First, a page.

Consumers will establish a new ceiling for online retail sales this quarter,
making $3.5 billion in purchases via the Internet by the end of the year,
according to new projections from Forrester Research Inc.
Forrester said it expects consumers to turn to the Web in record numbers to
fulfill their holiday gift-giving needs. A significant number of consumers are expected to make their first online purchases this holiday season, making 1998 “a pivotal year in the evolution of e-commerce.”
Maria LaTour Kadison, senior analyst in Forrester’s Online Retail Strategies
service, said that tough competition among retailers combined with aggressive
advertising in traditional media by e-retailers will attract consumers looking
for prices, products and convenience.
“Holiday shoppers traditionally face long lines, crowded aisles, absent or
unhelpful sales clerks, and uncertain availability,” said Kadison. “The Web
offers the ability to find the best prices and multiple delivery options
without the hassle of shopping in malls and stores. In a way, the Web restores
some of the holiday gift-buying experience.”
Three trends will emerge from the 1998 holiday buying season, Forrester said:
- Major retailers like eToys, Gap and L.L. Bean will leverage their brands to
capture loyal customers online. To make gift shopping easier, these retailers
will offer gift searches based on the recipient’s age and gender, as well as
the giver’s price range.
- The leading portals will offer holiday shopping channels that aggregate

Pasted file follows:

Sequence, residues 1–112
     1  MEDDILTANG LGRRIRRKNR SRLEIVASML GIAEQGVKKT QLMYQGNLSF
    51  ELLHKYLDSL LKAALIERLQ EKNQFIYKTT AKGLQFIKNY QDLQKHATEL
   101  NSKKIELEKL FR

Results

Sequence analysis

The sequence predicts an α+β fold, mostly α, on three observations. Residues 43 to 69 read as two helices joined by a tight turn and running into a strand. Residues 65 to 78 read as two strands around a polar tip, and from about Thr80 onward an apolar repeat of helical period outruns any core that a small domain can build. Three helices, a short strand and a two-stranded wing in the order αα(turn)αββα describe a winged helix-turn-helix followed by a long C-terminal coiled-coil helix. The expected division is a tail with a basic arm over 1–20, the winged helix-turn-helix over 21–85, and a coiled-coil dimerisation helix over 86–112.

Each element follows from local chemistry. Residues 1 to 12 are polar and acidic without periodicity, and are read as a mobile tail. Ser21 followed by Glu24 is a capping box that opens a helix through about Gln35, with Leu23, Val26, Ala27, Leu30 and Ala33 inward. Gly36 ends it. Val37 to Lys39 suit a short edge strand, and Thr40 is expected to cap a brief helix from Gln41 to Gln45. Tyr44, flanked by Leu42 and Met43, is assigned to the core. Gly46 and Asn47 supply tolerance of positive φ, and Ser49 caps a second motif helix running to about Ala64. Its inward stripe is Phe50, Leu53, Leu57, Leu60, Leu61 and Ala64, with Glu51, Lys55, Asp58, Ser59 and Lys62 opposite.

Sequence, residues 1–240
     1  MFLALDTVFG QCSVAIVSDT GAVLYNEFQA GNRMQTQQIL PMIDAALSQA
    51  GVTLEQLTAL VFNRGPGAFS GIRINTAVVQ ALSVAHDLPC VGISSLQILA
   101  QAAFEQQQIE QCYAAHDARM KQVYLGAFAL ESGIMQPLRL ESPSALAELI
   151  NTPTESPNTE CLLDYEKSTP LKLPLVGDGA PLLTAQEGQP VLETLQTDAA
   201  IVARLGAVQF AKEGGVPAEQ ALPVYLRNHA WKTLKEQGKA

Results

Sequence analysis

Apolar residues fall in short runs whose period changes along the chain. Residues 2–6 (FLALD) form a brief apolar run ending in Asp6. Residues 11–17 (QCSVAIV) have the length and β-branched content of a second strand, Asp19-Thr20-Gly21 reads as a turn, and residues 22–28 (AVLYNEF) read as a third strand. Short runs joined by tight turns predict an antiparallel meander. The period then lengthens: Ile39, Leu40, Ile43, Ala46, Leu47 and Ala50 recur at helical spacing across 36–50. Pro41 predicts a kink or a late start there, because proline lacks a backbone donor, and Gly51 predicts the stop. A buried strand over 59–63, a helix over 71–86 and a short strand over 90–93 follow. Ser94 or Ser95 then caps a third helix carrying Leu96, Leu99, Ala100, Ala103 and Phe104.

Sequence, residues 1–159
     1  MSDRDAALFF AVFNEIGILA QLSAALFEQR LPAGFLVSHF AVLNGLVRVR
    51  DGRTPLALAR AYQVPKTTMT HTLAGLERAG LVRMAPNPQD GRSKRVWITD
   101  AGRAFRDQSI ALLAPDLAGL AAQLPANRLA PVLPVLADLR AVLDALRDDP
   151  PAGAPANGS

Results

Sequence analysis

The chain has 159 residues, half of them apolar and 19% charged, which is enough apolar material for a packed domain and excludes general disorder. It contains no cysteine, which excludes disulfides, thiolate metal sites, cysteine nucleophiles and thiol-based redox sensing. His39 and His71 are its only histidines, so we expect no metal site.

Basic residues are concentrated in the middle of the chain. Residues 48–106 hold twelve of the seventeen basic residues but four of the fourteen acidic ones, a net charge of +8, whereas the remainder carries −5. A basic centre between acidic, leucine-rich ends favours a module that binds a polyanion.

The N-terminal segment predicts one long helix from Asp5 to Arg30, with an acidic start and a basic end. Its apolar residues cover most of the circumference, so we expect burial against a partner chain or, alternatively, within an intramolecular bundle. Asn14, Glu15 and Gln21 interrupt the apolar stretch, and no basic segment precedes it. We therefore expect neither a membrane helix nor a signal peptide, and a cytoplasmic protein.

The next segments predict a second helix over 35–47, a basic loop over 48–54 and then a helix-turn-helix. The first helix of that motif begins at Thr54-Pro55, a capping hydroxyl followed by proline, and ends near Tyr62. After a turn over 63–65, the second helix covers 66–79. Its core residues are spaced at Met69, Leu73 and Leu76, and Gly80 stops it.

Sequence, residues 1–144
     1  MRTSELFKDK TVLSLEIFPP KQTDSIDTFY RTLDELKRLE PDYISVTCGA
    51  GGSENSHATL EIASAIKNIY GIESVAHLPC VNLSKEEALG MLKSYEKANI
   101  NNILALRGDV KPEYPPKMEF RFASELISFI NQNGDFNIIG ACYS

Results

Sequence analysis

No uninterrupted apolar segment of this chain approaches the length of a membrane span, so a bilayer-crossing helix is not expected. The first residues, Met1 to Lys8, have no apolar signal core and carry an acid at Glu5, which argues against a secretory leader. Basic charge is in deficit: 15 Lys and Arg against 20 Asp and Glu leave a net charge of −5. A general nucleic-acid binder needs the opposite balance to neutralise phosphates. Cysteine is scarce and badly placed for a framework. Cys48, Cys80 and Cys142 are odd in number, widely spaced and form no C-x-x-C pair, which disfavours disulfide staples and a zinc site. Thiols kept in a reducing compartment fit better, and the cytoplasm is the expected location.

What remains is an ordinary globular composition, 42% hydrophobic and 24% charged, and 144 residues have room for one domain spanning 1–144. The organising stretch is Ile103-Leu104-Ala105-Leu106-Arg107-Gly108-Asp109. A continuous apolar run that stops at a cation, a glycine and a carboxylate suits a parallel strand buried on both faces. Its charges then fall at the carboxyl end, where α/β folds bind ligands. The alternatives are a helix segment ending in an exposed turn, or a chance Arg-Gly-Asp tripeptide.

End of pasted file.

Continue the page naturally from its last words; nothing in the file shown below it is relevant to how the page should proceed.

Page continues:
vertical retailers and gift sites, making it easier for shoppers to find gift
ideas and place orders.
- Dedicated gift sites like 911gifts.com and eGift.com will attract shoppers
who need help or guidance with advisory services and searches by occasion,
recipient, type of gift, and price range.
Converted holiday shoppers will continue buying online in 1999, as e-retailers
look for new ways to capture consumers and spread sales throughout the year.
Forrester said it expects increased use of e-mail reminders and gift-of-the-
month services to lure consumers back to the Web for post-holiday purchases.
Meanwhile, portals will focus on improving their retail services, offering
one-cart shopping that enables consumers to use one cart and make one payment
while shopping at multiple affiliated retailers.
“Last year, online retailers did not experience the traditional post-holiday
drop-off in sales,” Kadison added. “Forrester expects to see a similar ratchet
effect again this year as consumers keep coming back to the Web for more and
more purchases in 1999.”
Forrester’s report inflates the $2.3 billion holiday sales prediction made by Jupiter Communications. Both firms predict a huge growth from last year’s sales of $1.1 billion.